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G2-item anomaly with master kills #2125

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aphyr opened this issue Aug 22, 2019 · 5 comments

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@aphyr
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commented Aug 22, 2019

In rare cases (1 in ~100 hours of testing), YugaByte DB 1.3.1.0 can exhibit G2 (anti-dependency cycles) in the Jepsen append test workload.

Let:
  T1 = {:type :ok, :f :txn, :value [[:r 1125 nil] [:r 1122 [5]] [:r 1124 nil] [:r 1121 [31]]], :process 1640, :time 198131935175, :op-timing ["2019-08-21_23:14:08.700" "2019-08-21_23:14:08.729"], :index 48754}
  T2 = {:type :ok, :f :txn, :value [[:r 1123 [1]] [:r 1121 nil] [:r 1119 nil] [:append 1122 11] [:r 1117 nil]], :process 1619, :time 198218022005, :op-timing ["2019-08-21_23:14:00.789" "2019-08-21_23:14:08.815"], :index 48792}
  T3 = {:type :ok, :f :txn, :value [[:append 1121 31] [:append 1119 32] [:r 1123 [1]]], :process 1571, :time 198113058388, :op-timing ["2019-08-21_23:14:08.671" "2019-08-21_23:14:08.710"], :index 48744}

Then:
  - T1 < T2, because T1 did not observe T2's append of 11 to 1122.
  - T2 < T3, because T2 observed the initial (nil) state of 1121, which T3 created by appending 31.
  - However, T3 < T1, because T1 observed T3's append of 31 to key 1121: a contradiction!

This anomaly occurred during a kill-master and start-master combo: we killed all three masters from 14:00 to 14:01:

2019-08-21 23:14:00,731{GMT}    INFO    [jepsen nemesis] jepsen.util: :nemesis  :info   :kill-master    nil
2019-08-21 23:14:01,139{GMT}    INFO    [jepsen nemesis] jepsen.util: :nemesis  :info   :kill-master    {"ec2-54-172-38-176.compute-1.amazonaws.com" "", "ec2-35-173-249-185.compute-1.amazonaws.com" "", "ec2-54-226-85-143.compute-1.amazonaws.com" ""}

... and started those nodes from 14:06 to 14:25:

2019-08-21 23:14:06,049{GMT}    INFO    [jepsen nemesis] jepsen.util: :nemesis  :info   :start-master   {"ec2-54-226-85-143.c
ompute-1.amazonaws.com" "", "ec2-54-172-38-176.compute-1.amazonaws.com" "", "ec2-35-173-249-185.compute-1.amazonaws.com" ""}
2019-08-21 23:14:25,251{GMT}    INFO    [jepsen nemesis] jepsen.util: :nemesis  :info   :kill-master    nil

Full logs are here.

This anomaly occurred in a 1200 second test with master kills, on a 5-node EC2 cluster. You can reproduce it (extremely slowly) using Jepsen 47fba9e4c5e8477a51e24a5185703bcb596b52ab, and running:

lein run test-all --username admin --nodes-file ~/nodes --os debian -w ysql/append --concurrency 3n --time-limit 1200 --test-count 5 --version 1.3.1.0
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commented Aug 22, 2019

I've been exploring different techniques to speed reproduction, and I have a second example of G2 for you:

Let:
  T1 = {:type :ok, :f :txn, :value [[:append 63 923] [:r 61 [2 3 11 12 7 13 14 15 17 22 23 27 29 35 39 40 42 47 43 49 50 62 64 66 67 74 75 77 76 78 83 82 84 86 87 90 92 93 94 102 101 103 104 105 108 109 110 116 118 119 121 120 134 135 136 138 139 140 141 143 144 148 153 157 159 161 162 166 170 171 172 173 176 180 183 182 186 187 188 191 194 200 201 202 203 209 213 214 215 216 212 217 218 220 222 225 227 230 226 231 229 234 236 240 239 241 242 249 250 254 256 258 257 260 265 266 267 271 275 276 277 279 281 283 284 288 285 290 291 292 293 297 298 302 303 305 308 309 310 314 315 316 317 318 326 329 330 333 334 336 338 339 340 344 346 345 348 349 350 351 353 359 360 363 364 365 367 370 372 368 375 377 379 398 401 403 404 405 406 407 408 409 412 414 415 416 418 419 423 424 425 426 429 427 428 431 433 449 451 485 487 488 489 490 493 494 495 499 496 502 507 511 512 509 522 524 526 529 555 561 568 573 576 603 605 604 606 607 608 611 612 625 628 629 630 638 639 635 642 643 644 650 651 652 655 658 663 664 665 666 667 670 671 675 676 678 681 684 686 696 697 698 699 709 710 711 712 713 716 717 718 721 750 753 754 755 756 757 760 761 763 766 767 765 770 775 778 781 783 789 792 794 795 797 799 801 802 803 805 806 808 809 810 813 815 812 818 820 823 824 828 829 831 832 849 855 856 857 858 859 868 869 880 886 887 893 894 900 901 902 903 904 905 908 910 912 913 914 916 919 921 922 923 929 930 931 937 939 942]]], :process 2805, :time 976981179523, :op-timing ["2019-08-22_18:23:14.755" "2019-08-22_18:23:15.140"], :index 88230}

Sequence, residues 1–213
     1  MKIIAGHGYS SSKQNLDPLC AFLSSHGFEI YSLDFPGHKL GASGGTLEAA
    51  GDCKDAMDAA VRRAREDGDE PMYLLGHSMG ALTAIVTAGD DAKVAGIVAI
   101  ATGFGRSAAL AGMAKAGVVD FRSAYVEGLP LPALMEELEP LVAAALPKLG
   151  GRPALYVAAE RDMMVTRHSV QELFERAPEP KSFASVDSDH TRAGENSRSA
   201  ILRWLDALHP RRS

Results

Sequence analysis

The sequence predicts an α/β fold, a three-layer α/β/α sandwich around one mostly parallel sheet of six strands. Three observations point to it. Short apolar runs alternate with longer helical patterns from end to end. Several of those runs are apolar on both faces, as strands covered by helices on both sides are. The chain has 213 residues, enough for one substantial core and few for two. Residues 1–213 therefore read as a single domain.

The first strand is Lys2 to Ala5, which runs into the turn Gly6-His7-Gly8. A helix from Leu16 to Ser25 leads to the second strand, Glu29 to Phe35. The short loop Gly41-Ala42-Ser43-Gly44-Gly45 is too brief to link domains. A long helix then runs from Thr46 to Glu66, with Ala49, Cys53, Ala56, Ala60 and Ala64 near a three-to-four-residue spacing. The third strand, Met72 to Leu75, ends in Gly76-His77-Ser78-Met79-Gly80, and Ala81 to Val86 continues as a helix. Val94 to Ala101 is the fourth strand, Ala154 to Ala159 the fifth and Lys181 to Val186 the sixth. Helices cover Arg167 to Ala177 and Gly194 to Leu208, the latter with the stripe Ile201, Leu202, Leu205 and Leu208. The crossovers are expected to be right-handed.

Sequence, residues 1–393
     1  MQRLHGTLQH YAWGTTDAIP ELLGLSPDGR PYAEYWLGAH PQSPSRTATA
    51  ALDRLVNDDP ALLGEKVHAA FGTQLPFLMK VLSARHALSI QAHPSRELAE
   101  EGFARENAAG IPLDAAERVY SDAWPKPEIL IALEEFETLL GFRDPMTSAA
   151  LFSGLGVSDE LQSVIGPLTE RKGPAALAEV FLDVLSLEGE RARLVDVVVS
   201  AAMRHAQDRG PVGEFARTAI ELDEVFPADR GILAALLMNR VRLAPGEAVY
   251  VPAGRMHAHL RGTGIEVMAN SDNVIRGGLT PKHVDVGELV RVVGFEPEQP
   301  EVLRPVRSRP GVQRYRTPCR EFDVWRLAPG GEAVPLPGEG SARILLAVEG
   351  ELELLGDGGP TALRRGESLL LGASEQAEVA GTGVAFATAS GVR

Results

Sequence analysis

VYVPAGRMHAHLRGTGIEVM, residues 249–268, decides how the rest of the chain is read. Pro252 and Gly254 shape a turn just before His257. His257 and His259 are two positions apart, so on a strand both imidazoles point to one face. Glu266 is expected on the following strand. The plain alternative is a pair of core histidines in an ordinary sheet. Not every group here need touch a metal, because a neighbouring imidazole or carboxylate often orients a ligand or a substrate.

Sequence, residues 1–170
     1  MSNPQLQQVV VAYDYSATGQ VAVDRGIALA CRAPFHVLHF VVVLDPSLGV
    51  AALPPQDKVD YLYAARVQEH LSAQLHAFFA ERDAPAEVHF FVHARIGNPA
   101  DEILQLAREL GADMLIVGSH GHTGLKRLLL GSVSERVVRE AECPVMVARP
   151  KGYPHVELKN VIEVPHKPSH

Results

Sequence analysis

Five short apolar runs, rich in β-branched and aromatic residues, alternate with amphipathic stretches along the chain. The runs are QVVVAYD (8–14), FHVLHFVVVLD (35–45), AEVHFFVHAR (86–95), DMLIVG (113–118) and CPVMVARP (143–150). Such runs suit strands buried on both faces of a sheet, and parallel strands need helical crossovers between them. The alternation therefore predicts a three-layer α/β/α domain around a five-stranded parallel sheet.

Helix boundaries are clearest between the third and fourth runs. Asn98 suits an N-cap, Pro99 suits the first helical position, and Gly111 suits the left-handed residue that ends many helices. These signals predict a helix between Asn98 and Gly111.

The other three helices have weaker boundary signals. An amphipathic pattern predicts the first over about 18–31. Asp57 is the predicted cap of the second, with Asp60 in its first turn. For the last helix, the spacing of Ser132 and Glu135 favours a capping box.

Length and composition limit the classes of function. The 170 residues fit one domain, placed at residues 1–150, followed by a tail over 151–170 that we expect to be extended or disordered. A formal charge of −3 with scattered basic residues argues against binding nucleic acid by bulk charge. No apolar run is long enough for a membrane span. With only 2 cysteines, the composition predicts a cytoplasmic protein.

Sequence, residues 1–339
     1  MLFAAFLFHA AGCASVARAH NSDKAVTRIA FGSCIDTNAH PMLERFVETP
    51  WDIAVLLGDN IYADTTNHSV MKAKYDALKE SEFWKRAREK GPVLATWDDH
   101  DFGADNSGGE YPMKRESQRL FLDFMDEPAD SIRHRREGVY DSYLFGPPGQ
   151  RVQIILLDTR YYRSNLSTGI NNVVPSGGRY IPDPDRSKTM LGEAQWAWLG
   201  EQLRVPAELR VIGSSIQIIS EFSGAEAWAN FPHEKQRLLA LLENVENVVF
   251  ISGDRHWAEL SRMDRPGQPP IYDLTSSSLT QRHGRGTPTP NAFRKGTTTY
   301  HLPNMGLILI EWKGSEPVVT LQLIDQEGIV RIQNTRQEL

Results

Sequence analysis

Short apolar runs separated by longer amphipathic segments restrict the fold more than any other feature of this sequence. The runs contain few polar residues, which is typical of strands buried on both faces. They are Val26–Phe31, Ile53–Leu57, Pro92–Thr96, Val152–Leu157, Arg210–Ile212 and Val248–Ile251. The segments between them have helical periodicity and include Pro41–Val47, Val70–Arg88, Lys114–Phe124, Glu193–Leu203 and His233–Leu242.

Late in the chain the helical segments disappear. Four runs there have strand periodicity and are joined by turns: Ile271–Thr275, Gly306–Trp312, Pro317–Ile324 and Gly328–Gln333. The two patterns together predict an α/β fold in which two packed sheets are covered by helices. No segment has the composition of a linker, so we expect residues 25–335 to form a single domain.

T2 = {:type :ok, :f :txn, :value [[:append 62 896] [:append 61 958] [:r 63 [6 8 9 10 11 17 30 31 32 33 34 35 36 39 41 42 54 55 57 58 59 63 65 70 71 74 75 76 80 91 96 98 99 100 108 109 114 115 117 131 132 133 134 137 138 140 141 144 146 155 156 157 158 161 160 166 169 171 170 174 175 176 177 184 186 187 196 197 202 205 203 209 213 215 217 219 224 226 237 240 241 248 252 253 244 251 255 257 261 262 264 260 266 268 269 265 271 273 274 276 277 279 281 287 286 293 294 295 296 297 298 299 304 300 307 308 310 313 315 316 317 319 322 326 330 328 329 334 335 336 337 341 342 344 345 346 347 348 349 350 351 352 354 356 360 361 362 363 364 365 366 367 370 372 373 374 375 386 390 391 398 399 400 403 406 407 408 409 411 412 413 414 418 419 420 421 425 427 428 431 436 439 440 446 447 449 464 466 468 470 471 475 476 477 481 482 484 486 487 488 492 491 493 494 499 504 508 509 563 564 566 572 575 580 583 584 588 589 590 591 592 594 596 598 603 597 605 608 609 611 626 631 633 641 642 643 646 648 651 652 653 649 654 655 656 657 658 659 661 677 678 682 687 689 690 697 708 709 711 712 713 714 717 719 720 718 723 727 738 739 740 741 745 746 765 767 768 769 770 773 776 777 774 780 781 782 785 788 790 787 791 793 795 799 802 805 810 809 811 812 813 814 816 817 821 822 823 820 828 830 831 835 872 874 876 885 890 891 895 901 899 902 903 905 907 908]]], :process 3032, :time 977024498559, :op-timing ["2019-08-22_18:23:15.106" "2019-08-22_18:23:15.183"], :index 88237}